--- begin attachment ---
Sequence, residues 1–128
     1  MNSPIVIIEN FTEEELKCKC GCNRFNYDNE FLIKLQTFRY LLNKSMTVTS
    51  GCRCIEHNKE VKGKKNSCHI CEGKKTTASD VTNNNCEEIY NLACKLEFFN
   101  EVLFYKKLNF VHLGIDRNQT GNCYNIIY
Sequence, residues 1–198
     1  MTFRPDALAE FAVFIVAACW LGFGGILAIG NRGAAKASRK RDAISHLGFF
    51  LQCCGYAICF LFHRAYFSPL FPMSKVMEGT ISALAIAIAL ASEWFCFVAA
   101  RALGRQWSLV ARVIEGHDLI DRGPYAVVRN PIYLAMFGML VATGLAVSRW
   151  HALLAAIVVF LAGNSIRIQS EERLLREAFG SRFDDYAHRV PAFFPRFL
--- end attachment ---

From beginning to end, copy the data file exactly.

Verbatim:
Sequence, residues 1–128
     1  MNSPIVIIEN FTEEELKCKC GCNRFNYDNE FLIKLQTFRY LLNKSMTVTS
    51  GCRCIEHNKE VKGKKNSCHI CEGKKTTASD VTNNNCEEIY NLACKLEFFN
   101  EVLFYKKLNF VHLGIDRNQT GNCYNIIY
Sequence, residues 1–198
     1  MTFRPDALAE FAVFIVAACW LGFGGILAIG NRGAAKASRK RDAISHLGFF
    51  LQCCGYAICF LFHRAYFSPL FPMSKVMEGT ISALAIAIAL ASEWFCFVAA
   101  RALGRQWSLV ARVIEGHDLI DRGPYAVVRN PIYLAMFGML VATGLAVSRW
   151  HALLAAIVVF LAGNSIRIQS EERLLREAFG SRFDDYAHRV PAFFPRFL